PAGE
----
Lightroom CC is part of the $10 per month Creative Cloud Photography plan (the least expensive CC option), which also gets you the latest version of Photoshop CC (still 2014). However, if you don’t want to jump into the subscription model, Adobe is also making a standalone version called Lightroom 6 and selling it for $149.

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Seattle Skyline, Dr Jose Rizal Bridge

Despite living in Seattle for more than 20 years, I’d never been out to photograph the Seattle skyline at Dr Jose Rizal Bridge until last night. Part of that is familiarity: did I really want to make a photo that everyone has seen (and half of everyone has shot)? And part of it is just inertia—I’d simply never done it.

Well, inertia is a pretty lame excuse, and I know better that even well-photographed spots will have different characteristics depending on the weather, the time, and the season. But mostly, it was an excuse to get out and do some shooting, which is enough. A friend-of-a-friend is in town to visit family, so he suggested we go out shooting while he’s here, so we headed up to this iconic spot, just down from Jose Rizal Park.

Initially we were going to shoot from the park, but a pair of extremely inebriated guys made that uncomfortable. I don’t want to take away anyone’s right to get lit in a park, but one of them was unintelligible as he tried to talk to me. So we wandered down to the bridge and set up.

It turned out to be a beautiful evening, even though the most promising clouds earlier in the afternoon disappeared by the time sunset began. One challenge when shooting from the bridge is vibration: several times I’d set up a long exposure and forget to look down the street, then chuckle as a bus turned my photo into a soft mess as it rumbled by. But after many tries, and some genial conversation with another photographer who was set up (it wasn’t crowded), I ended up with a few photos I like.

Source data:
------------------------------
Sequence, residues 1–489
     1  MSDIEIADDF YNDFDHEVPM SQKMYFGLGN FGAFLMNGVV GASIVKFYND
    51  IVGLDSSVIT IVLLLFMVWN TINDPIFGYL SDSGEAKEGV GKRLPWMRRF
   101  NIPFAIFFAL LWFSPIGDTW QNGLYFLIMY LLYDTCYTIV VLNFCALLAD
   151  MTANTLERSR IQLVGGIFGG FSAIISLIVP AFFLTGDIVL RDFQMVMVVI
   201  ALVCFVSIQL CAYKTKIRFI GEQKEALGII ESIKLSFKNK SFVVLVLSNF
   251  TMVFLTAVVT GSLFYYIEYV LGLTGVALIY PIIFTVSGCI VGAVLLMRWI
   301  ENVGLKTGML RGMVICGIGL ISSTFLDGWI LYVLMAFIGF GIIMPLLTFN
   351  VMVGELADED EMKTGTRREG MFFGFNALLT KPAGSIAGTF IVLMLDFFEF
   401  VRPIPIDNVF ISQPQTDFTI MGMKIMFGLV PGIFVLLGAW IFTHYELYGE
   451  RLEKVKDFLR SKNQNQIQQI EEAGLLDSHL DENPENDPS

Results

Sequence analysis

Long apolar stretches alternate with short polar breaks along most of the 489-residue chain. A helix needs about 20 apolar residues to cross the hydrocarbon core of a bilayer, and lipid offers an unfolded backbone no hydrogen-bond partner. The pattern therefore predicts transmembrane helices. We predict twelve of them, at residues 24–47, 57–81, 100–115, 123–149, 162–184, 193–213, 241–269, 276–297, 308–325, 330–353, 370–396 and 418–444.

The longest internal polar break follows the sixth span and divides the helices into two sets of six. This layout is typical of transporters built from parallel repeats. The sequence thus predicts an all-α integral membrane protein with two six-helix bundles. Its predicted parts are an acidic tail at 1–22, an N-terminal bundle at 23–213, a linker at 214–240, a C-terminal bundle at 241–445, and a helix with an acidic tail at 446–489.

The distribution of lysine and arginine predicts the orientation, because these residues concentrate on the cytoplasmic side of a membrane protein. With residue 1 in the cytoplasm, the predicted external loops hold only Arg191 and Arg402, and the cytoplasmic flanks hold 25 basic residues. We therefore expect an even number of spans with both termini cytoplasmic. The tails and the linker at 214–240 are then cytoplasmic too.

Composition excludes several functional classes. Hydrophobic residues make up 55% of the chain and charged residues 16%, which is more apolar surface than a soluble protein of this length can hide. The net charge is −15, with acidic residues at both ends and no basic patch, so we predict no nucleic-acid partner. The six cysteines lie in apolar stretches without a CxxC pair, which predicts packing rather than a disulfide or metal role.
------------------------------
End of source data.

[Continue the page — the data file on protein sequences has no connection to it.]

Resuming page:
Lights and Hues, Seattle Sunset

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My latest article for Lynda.com (yep, the same company that announced this morning it’s being bought by LinkedIn) came about when I made a surprising discovery. When playing with the app Storehouse, I saw that I could import photos directly from Lightroom mobile/Creative Cloud, versus having to use the built-in Photos library as an intermediary.

This was also a good opportunity to play with Adobe’s latest iPad app, Slate, a tool like Storehouse for creating visual stories. It’s really well done.

Read the article here: 3 Ways to Share Your Lightroom Mobile Photos on iOS

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Apple dropped OS X Yosemite 10.10.3 today, and with it the release version of the new Photos for OS X. You can read my detailed review of the replacement for iPhoto and Aperture at Macworld here: Review: Photos for OS X is faster than iPhoto but less powerful than Aperture.

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Have you read Becoming Steve Jobs, the latest biography of Apple’s late founder? I chatted with Glenn Fleishman, Susie Ochs, and Leah Yamshon for the Macworld Podcast about the book, Steve Jobs, and a few other newsy topics. The book is good; go read it, and listen to the podcast first: Join our ‘Becoming Steve Jobs’ book club!